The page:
Ableman v. Booth and United States v. Booth
The Ableman decision emphasized our dual form of government and the independence of state and federal courts from one another. It is illegal for state officials to interfere with United States officers acting under federal laws. Ironically, while Ableman arose from arguments over the proslavery Fugitive Slave Law, this same principle of federal judicial supremacy was used to override state efforts to preserve racial segregation during the 1960s.
The Ableman cases reflected the dramatic events and fiery controversies that immediately preceded and led to the U.S. Civil War. Benammi S. Garland owned a slave, Joshua Glover, who worked as the foreman on Garland's farm near St. Louis, Missouri. In 1852, Glover escaped and fled to Wisconsin.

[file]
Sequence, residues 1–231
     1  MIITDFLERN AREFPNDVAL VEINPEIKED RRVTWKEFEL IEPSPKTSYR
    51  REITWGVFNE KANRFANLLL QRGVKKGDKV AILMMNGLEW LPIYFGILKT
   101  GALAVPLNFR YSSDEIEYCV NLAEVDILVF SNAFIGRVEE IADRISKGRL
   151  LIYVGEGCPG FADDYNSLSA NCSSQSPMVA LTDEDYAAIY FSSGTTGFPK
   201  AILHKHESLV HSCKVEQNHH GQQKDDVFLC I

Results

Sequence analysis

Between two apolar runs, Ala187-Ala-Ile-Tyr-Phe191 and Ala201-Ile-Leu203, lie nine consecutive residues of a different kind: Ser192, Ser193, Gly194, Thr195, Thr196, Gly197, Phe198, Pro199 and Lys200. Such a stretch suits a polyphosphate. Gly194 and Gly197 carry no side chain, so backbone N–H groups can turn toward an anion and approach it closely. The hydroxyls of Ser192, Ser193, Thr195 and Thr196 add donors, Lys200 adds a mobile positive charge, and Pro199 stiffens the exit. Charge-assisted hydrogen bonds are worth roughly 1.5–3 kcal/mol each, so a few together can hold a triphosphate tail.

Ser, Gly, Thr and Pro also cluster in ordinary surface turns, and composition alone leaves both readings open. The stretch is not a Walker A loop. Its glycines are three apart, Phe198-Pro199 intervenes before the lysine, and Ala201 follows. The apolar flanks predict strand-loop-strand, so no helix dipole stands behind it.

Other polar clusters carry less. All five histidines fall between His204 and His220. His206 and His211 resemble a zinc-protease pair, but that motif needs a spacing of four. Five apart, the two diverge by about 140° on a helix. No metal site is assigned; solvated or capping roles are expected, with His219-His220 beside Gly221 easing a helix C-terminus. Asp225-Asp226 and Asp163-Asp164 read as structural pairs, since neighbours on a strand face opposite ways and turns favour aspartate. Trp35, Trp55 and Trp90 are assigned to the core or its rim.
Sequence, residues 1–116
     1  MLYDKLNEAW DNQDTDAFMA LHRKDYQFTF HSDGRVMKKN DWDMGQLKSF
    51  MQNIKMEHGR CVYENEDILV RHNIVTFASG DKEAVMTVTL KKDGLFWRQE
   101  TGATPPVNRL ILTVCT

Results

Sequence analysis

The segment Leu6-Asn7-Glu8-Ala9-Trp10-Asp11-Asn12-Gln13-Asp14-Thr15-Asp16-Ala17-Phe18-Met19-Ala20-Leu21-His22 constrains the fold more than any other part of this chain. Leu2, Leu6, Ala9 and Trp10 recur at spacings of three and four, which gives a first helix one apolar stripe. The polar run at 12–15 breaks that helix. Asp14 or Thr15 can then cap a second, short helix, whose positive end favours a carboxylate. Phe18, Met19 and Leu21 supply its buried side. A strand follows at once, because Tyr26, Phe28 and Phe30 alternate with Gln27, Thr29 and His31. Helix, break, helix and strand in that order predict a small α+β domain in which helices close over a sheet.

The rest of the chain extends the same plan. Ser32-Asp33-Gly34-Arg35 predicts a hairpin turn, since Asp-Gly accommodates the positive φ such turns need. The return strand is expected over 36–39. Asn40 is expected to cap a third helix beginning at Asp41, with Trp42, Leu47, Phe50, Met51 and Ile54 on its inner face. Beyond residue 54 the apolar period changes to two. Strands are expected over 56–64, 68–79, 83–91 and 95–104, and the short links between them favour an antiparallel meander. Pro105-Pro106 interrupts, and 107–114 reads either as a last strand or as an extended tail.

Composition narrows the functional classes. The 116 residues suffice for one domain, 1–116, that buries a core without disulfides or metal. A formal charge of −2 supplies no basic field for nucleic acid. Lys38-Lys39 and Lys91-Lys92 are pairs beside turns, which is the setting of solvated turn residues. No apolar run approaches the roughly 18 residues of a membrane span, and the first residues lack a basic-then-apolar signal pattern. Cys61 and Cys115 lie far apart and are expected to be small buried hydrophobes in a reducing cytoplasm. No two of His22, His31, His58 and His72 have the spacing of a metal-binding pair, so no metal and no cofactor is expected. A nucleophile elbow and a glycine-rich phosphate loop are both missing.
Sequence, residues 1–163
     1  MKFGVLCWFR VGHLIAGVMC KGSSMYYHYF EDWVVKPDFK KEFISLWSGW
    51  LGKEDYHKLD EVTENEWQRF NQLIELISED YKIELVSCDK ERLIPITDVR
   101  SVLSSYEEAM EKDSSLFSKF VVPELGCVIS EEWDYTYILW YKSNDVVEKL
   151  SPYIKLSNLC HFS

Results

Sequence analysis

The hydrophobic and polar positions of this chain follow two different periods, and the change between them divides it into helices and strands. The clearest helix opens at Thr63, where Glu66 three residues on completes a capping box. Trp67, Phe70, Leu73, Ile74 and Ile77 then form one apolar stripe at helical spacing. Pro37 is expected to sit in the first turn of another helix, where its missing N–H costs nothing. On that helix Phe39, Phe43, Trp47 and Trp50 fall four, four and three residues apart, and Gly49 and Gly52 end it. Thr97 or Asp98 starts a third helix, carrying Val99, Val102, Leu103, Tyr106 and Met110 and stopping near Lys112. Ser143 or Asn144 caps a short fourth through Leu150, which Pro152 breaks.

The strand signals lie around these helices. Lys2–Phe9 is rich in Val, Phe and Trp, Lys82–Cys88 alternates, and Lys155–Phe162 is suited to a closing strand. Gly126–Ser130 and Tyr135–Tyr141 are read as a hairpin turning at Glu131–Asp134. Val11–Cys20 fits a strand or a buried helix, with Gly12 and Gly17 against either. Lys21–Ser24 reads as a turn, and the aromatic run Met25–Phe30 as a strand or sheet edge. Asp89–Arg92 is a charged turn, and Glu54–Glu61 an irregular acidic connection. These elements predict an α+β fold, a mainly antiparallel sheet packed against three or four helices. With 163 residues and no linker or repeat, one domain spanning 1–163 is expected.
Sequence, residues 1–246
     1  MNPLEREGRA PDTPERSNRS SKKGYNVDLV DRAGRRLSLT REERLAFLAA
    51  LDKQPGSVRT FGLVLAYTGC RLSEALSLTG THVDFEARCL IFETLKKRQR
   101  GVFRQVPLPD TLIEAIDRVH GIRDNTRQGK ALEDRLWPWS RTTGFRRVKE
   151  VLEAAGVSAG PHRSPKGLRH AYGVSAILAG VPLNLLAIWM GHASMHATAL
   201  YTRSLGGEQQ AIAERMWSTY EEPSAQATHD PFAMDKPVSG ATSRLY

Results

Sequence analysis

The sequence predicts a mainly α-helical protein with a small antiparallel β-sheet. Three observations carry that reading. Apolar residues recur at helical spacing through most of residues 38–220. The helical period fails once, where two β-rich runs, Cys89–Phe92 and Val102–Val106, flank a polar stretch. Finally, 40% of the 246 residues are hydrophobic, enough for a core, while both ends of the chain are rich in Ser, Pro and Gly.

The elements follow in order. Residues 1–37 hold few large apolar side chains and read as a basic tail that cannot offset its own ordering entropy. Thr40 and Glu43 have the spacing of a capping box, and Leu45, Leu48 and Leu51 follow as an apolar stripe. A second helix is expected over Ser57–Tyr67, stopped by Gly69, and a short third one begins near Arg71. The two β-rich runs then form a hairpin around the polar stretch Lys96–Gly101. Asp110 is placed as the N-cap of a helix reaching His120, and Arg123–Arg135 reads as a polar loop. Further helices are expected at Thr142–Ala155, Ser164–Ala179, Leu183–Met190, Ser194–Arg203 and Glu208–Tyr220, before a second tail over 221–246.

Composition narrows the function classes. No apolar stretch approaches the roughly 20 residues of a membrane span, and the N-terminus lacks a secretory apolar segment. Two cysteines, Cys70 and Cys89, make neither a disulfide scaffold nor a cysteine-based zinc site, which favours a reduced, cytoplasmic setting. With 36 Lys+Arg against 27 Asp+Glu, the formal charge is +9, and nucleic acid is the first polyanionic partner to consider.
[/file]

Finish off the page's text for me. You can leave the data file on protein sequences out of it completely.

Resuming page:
- Ableman v. Booth and United States v. Booth - Joshua Glover Is Saved From The Slave Catchers
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Law Library - American Law and Legal InformationNotable Trials and Court Cases - 1833 to 1882Ableman v. Booth and United States v. Booth - Significance, Joshua Glover Is Saved From The Slave Catchers, Wisconsin Nullifies Federal Laws, Federal Courts Are Supreme Over State Courts